The inaugural Summer Institute imparted those strategies through readings, screenings, lectures (including talks by Matt Yglesias, business and economics correspondent for Slate magazine, and Sam Stovall, chief investment strategist for Standard & Poor’s Equity Research Services), and through case studies centered on true-to-life “dilemmas.” Participants received a TC Certificate of Completion and had an opportunity to take wise’s Certification Test and earn a Certification in Personal Finance.
“We’ve learned that most traditional approaches to financial literacy don’t work – at least not when it comes to changing behavior in adults and children,” said Marri, who previously created a nationally adopted curriculum, Understanding Fiscal Responsibility, which focuses on the federal budget, national debt, and budget deficit. “This is really different than the other pedagogies that are out there.”
The teachers at the Summer Institute spent their first morning at TC discussing the practical implications of well-worn financial maxims such as “penny wise, pound foolish,” “if it sounds too good to be true, it is” and “by low, sell high.” Then armed with laptops and a list of websites covering everything from how to request a free credit file disclosure to statistics on the average income for dancers and choreographers, they tackled the case studies.
In one scenario, Tom a 14-year-old who has already intensively researched his college options is trying to decide between a private institution – Xavier University – and a public one, Ohio State University. He prefers Xavier for its name value, even though Ohio State is actually higher-ranked academically, but the cost is significantly higher. The teachers all recommended that he choose a public college, but that didn’t end the discussion – not least because tuition at OSU still left his parents with a $36,000 gap to fill over the next few years. Echoing the feelings of several of his colleagues, Howard Kudler, a teacher at Thomas A. Edison CTE High School, grumbled about a sense of over-entitlement among the current generation of teens.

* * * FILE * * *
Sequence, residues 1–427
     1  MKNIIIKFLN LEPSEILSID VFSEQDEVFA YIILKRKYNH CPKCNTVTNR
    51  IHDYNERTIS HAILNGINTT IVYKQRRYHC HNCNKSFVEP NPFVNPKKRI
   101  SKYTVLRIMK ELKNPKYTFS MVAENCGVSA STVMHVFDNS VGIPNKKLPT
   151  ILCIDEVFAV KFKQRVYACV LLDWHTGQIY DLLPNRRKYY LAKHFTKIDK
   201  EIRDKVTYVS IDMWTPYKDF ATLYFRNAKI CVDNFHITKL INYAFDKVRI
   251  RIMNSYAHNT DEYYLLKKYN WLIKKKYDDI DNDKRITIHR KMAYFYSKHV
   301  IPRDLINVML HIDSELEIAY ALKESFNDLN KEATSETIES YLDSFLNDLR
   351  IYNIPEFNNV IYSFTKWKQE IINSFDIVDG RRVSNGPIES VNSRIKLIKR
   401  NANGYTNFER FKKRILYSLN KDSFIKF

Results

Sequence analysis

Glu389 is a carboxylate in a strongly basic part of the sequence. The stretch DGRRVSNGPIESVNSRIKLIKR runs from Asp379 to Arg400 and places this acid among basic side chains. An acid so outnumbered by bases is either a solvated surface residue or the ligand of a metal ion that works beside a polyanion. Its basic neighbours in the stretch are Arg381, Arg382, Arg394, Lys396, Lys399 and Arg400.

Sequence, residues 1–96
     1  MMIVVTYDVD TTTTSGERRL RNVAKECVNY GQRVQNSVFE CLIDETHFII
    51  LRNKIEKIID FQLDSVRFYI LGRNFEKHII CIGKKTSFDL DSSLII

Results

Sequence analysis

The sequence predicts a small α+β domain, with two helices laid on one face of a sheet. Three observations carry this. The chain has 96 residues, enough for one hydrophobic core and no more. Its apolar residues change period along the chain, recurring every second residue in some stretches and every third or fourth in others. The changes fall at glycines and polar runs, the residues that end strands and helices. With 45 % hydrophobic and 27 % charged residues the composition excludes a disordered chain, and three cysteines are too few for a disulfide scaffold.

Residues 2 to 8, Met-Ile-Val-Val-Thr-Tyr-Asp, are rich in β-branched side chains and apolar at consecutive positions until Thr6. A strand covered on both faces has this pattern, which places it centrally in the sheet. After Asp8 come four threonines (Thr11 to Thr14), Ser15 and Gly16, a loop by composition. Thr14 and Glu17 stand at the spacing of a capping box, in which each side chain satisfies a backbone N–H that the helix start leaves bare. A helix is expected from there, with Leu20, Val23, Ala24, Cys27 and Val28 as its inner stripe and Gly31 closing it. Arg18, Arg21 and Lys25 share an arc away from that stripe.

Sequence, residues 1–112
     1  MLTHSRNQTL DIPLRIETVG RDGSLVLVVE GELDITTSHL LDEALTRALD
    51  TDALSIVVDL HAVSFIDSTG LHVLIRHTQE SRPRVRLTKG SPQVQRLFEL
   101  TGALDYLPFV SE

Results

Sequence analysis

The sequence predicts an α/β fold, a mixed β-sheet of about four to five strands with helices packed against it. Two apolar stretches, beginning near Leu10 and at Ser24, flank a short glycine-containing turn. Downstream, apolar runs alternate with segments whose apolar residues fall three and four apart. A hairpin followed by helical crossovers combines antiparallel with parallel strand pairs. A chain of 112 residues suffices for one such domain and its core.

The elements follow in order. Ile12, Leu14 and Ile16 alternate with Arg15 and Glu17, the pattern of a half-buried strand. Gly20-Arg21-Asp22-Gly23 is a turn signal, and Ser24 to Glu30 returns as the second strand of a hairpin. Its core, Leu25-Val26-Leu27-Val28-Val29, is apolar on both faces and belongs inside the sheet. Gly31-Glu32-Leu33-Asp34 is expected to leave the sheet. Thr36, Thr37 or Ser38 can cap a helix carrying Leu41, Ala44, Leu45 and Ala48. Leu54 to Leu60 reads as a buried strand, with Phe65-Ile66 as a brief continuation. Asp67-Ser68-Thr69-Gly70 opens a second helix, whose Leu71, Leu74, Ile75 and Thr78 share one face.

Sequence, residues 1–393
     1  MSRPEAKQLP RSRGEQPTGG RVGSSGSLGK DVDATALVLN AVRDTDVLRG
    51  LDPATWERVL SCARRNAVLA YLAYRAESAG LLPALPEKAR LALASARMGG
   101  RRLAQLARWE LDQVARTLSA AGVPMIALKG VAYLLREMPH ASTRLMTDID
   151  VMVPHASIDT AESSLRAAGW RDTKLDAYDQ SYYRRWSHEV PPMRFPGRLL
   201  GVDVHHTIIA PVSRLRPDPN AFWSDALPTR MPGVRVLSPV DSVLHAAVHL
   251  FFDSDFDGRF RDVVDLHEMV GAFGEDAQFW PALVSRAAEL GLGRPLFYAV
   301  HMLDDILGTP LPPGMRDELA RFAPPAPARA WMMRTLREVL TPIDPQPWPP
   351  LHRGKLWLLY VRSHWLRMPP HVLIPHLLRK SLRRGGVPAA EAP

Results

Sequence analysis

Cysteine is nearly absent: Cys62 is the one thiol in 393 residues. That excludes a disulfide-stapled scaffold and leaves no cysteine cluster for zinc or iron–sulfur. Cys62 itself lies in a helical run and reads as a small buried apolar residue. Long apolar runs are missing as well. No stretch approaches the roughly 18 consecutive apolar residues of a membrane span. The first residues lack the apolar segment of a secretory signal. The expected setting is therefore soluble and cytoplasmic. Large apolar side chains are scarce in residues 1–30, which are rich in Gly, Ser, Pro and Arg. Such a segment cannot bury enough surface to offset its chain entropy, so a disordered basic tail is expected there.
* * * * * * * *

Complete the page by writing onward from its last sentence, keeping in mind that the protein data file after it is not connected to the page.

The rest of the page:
“I’d have him start at a community college and then transfer if he’s really serious about it,” he said. “There’s no shame in that.”
Lillian Mitchell, a business teacher at Queens Vocational and Technical High School who runs simulated enterprise courses for her students, said that regardless of what choice the teachers recommended, the scenario was a particularly good one for her students. “At my school 50 percent of the kids are immigrants,” she said. “Often their parents don’t know anything about the college process, so it’s important that we talk to them about it by the time they’re juniors. Our college guidance counselor is great, but she’s only one person, so the teachers need to be having those conversations, too.”
The Summer Institute struck a sobering tone overall, underscoring that young people today are entering a tough economy in which “financial literacy” is both individual and communal.
“The takeaway for students should be that financial literacy is not about deprivation, but about planning and problem solving,” says Maureen Grolnick, Project Manager for both the Loot, Inc.org financial literacy program and Understanding Fiscal Responsibility curriculum. “It is not about changing their fortunes by skipping that latte, but about confronting the choices and opportunities they face individually with financially literate, often skeptical questions and by bringing that same savvy to the voting booth.”